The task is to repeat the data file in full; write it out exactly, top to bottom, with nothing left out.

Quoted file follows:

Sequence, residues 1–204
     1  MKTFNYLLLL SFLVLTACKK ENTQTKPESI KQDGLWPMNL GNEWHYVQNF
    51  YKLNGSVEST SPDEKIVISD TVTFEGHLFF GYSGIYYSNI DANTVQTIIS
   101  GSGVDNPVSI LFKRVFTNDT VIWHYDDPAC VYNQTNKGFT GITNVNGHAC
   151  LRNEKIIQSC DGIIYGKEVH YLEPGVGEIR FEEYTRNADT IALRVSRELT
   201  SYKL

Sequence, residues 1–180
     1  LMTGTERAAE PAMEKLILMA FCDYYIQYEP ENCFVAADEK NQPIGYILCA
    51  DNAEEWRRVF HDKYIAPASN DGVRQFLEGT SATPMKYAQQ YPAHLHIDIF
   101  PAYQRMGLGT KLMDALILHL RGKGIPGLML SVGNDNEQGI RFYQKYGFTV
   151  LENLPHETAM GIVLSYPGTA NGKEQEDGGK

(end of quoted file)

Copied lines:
Sequence, residues 1–204
     1  MKTFNYLLLL SFLVLTACKK ENTQTKPESI KQDGLWPMNL GNEWHYVQNF
    51  YKLNGSVEST SPDEKIVISD TVTFEGHLFF GYSGIYYSNI DANTVQTIIS
   101  GSGVDNPVSI LFKRVFTNDT VIWHYDDPAC VYNQTNKGFT GITNVNGHAC
   151  LRNEKIIQSC DGIIYGKEVH YLEPGVGEIR FEEYTRNADT IALRVSRELT
   201  SYKL

Sequence, residues 1–180
     1  LMTGTERAAE PAMEKLILMA FCDYYIQYEP ENCFVAADEK NQPIGYILCA
    51  DNAEEWRRVF HDKYIAPASN DGVRQFLEGT SATPMKYAQQ YPAHLHIDIF
   101  PAYQRMGLGT KLMDALILHL RGKGIPGLML SVGNDNEQGI RFYQKYGFTV
   151  LENLPHETAM GIVLSYPGTA NGKEQEDGGK